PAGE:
HUD Makes Contingencies for Borrowers During COVID-19 Outbreak

The U.S. Department of Housing and Urban Development (HUD) is offering borrowers in the seniors housing space some assistance in response to the financial challenges caused by the COVID-19 virus that has claimed the lives of over 58,000 Americans so far.

More specifically, borrowers in the HUD/FHA Section 232 mortgage insurance program can take advantage of a series of four benefits designed to address their obligations to HUD and to take care of their residents.

The provisions allow eligible borrowers to:

  1. suspend monthly deposits to be placed for replacement reserve through July 31, 2020, or longer if the authority to grant this benefit is extended. At the conclusion of the suspension period, the sum of such suspended payments shall be paid into the reserves for replacement in equal monthly increments over the next 12 consecutive months;
  2. use operating deficit funds to make debt-service payments, subject to repayment provisions if any contained in the subject escrow agreement;
  3. use debt-service reserves to meet debt-service payments, subject to repayment provisions, if any, contained in the subject escrow agreement;
  4. use replacement reserves to meet debt-service payments required, so long as the reserve for replacement reserve account does not fall below $1,000 per unit.

These benefits do not require HUD review or approval, provided that HUD has not notified the lender that the property in question is under review by the Office of Residential Care Facilities’ risk mitigation branch. (Properties with an inadequate debt-service coverage ratio or which exhibit serious quality issues are subject to review by the risk mitigation division.)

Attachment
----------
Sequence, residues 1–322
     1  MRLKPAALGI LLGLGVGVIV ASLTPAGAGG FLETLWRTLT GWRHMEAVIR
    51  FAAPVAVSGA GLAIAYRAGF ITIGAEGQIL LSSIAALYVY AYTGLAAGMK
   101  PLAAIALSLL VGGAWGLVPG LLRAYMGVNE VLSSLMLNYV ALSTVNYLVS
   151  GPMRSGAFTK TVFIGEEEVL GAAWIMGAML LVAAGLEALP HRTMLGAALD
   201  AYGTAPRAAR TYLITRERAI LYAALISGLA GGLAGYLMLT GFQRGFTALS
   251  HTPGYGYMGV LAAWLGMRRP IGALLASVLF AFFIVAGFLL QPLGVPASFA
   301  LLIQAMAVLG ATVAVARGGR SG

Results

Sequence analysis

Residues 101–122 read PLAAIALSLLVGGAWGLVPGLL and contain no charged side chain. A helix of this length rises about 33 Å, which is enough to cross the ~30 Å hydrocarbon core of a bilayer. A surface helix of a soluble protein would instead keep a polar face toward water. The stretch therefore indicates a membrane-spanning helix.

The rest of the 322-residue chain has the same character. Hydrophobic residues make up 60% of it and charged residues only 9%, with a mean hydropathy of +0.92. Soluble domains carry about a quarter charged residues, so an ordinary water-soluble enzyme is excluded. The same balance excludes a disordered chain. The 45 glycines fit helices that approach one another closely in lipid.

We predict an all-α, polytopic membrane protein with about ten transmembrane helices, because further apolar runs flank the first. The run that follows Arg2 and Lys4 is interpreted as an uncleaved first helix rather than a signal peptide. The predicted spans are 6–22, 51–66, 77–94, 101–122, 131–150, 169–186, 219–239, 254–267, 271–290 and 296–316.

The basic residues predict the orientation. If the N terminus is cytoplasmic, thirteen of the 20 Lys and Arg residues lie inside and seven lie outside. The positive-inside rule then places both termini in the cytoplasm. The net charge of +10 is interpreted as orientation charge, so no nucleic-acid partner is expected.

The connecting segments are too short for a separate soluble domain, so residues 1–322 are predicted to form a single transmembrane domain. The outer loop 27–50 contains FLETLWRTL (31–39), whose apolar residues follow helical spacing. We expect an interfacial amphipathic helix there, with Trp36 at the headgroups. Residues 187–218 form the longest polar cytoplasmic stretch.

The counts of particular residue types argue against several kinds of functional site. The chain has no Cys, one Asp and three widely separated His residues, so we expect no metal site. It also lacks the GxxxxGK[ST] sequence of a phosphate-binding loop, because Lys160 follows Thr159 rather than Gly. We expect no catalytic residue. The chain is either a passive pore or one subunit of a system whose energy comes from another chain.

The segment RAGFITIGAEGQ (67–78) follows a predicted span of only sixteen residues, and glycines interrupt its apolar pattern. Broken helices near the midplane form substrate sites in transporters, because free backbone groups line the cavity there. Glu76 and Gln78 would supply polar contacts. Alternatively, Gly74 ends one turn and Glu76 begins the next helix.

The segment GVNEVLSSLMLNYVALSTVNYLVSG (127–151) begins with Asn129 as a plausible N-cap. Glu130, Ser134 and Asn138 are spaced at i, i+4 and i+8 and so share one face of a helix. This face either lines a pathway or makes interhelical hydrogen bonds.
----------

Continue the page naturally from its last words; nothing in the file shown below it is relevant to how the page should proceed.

“HUD, like many lenders across the United States, realizes that it needs to support its borrowers and help them get through this terrible time,” says Jeffrey Davis, president of Chicago-based Cambridge Realty Capital, referring to the concessions made by the agency.

“Obviously of great concern to operators is the ability to continue delivering the necessary level of service to residents, and not just maintaining the status quo, but also being able to respond to emergent needs that arise due to the COVID-19 virus, which has infiltrated many senior facilities across the country,” adds Davis.

Founded in 1983, Cambridge has three distinct business units: FHA-insured HUD loans, conventional financing, and investments and acquisitions. The company, which specializes in providing debt and equity to the seniors housing and healthcare sectors, has closed over 500 seniors housing transactions totaling more than $5.5 billion.

Davis assures operators that HUD is still processing applications, “and Cambridge is still submitting those applications during this time, as well as closing on loans that were and still are in process.”

The HUD/FHA Section 232 program may be used to finance the purchase, refinancing, new construction or substantial rehabilitation of nursing homes, assisted living facilities or board and care properties.

In fiscal year 2019, lenders in the HUD/FHA Section 232 program closed 288 loans totaling $3.7 billion. Cambridge Realty Capital ranked ninth by dollar amount with $80.8 million in loans closed.

— Matt Valley

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